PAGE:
9 Grammatical Pitfalls

de facto

[dee fak-toh, dey] /di ˈfæk toʊ, deɪ/
in fact; in reality:
Although his title was prime minister, he was de facto president of the country. Although the school was said to be open to all qualified students, it still practiced de facto segregation.
actually existing, especially when without lawful authority (distinguished from de jure).
Australian. a person who lives in an intimate relationship with but is not married to a person of the opposite sex; lover.
Origin of de facto
1595-1605; < Latin dē factō literally, from the fact
Can be confused
de facto, de jure. Unabridged
Based on the Random House Dictionary, © Random House, Inc. 2015.
Cite This Source
Examples from the web for de facto
  • But when they try to make their ideas a de facto facts, then we have problems.
  • In this prominent position, she's making her own de facto debut as a writer with a message for the general public.
  • Those that need capital will find it, even if it takes de facto nationalization.
  • Menzie Chinn points out that rising oil prices act as a de facto barrier to trade, because shipping gets more expensive.
  • The country was a de facto one-party state from 1969.
  • Others worked as drivers under overseers, but were de facto managers.
  • As the kids get older, leagues that operate through the winter become de facto high school tryouts.
  • The irony is that, were the gap to disappear, there would be a de facto tightening of monetary policy.
  • As the latter's de facto guardian, he gleefully signed his report cards.
  • Uniform driver's licenses could become de facto national identification cards.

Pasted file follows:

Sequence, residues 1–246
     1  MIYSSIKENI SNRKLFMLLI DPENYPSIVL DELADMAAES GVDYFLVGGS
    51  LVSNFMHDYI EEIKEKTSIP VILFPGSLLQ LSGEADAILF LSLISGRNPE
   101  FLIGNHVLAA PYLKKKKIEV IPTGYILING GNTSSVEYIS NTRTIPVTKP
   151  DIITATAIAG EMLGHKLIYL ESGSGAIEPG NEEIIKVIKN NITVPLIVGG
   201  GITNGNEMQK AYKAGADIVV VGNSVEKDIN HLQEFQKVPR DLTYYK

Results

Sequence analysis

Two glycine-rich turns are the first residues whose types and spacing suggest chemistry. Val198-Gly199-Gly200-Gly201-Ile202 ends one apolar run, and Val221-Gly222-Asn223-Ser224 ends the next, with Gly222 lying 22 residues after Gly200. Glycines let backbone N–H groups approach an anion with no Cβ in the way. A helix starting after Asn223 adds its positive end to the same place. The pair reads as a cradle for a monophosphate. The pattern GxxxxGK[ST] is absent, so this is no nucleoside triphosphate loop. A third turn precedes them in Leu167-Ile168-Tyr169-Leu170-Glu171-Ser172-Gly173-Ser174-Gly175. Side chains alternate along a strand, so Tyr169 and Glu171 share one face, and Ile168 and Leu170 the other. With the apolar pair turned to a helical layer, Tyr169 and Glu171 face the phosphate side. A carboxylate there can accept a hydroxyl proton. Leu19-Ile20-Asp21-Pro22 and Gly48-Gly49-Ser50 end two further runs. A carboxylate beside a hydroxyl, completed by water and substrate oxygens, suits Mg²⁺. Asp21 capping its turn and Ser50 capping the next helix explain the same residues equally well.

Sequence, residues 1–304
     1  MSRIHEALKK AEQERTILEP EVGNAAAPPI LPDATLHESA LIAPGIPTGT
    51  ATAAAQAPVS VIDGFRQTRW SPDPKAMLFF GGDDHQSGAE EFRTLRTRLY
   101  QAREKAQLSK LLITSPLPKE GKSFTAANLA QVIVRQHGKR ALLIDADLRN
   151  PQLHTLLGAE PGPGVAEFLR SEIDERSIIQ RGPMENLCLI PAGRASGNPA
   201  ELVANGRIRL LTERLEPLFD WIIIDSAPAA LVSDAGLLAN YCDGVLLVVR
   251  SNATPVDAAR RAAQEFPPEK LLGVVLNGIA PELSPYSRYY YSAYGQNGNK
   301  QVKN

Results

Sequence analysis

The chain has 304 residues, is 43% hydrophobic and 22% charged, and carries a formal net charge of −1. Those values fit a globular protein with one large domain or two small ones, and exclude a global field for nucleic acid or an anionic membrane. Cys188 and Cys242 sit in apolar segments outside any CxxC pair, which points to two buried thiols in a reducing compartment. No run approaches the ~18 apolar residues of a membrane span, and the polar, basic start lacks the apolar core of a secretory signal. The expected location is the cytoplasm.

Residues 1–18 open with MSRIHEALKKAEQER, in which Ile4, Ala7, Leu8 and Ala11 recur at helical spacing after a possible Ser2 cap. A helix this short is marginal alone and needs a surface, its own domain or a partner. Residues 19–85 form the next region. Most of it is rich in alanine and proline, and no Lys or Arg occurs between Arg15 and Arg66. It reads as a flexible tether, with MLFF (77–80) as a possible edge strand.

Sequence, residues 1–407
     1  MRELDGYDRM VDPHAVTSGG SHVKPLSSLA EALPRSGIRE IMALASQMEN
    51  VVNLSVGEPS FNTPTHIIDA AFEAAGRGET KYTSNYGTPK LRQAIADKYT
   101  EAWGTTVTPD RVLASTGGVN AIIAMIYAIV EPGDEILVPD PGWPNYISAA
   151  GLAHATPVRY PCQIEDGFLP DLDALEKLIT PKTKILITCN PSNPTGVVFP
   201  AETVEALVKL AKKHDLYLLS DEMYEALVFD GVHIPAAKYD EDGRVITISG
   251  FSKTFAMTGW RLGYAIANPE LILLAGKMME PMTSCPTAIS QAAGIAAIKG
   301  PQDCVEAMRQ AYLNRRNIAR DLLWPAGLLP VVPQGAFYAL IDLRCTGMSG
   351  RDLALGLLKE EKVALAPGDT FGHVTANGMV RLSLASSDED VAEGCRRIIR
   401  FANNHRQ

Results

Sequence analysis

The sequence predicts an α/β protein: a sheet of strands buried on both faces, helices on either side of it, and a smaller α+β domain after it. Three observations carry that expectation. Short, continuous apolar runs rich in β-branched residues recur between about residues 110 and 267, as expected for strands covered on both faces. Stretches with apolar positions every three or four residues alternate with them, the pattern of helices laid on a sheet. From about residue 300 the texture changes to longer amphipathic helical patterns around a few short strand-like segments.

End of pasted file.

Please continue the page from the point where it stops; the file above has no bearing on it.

British Dictionary definitions for de facto

de facto

/deɪ ˈfæktəʊ/
in fact
existing in fact, whether legally recognized or not: a de facto regime Compare de jure
noun (pl) -tos
(Austral & NZ) a de facto husband or wife
Word Origin
C17: Latin
Collins English Dictionary - Complete & Unabridged 2012 Digital Edition
© William Collins Sons & Co. Ltd. 1979, 1986 © HarperCollins
Publishers 1998, 2000, 2003, 2005, 2006, 2007, 2009, 2012
Cite This Source
Word Origin and History for de facto

Latin, literally "in fact, in reality," thus, "existing, but not necessarily legally ordained;" from facto, ablative of factum "deed, act" (see fact).

Online Etymology Dictionary, © 2010 Douglas Harper
Cite This Source
de facto in Culture
de facto [(di fak-toh, day fak-toh)]

Something generally accepted or agreed to without any formal decision in its favor: “They never elected him; he became their leader de facto.” From Latin, meaning “in fact.” (Compare de jure.)

The American Heritage® New Dictionary of Cultural Literacy, Third Edition
Copyright © 2005 by Houghton Mifflin Company.
Published by Houghton Mifflin Company. All rights reserved.
Cite This Source

Word of the Day

Difficulty index for de facto

Few English speakers likely know this word

Word Value for de

Scrabble Words With Friends

Quotes with de facto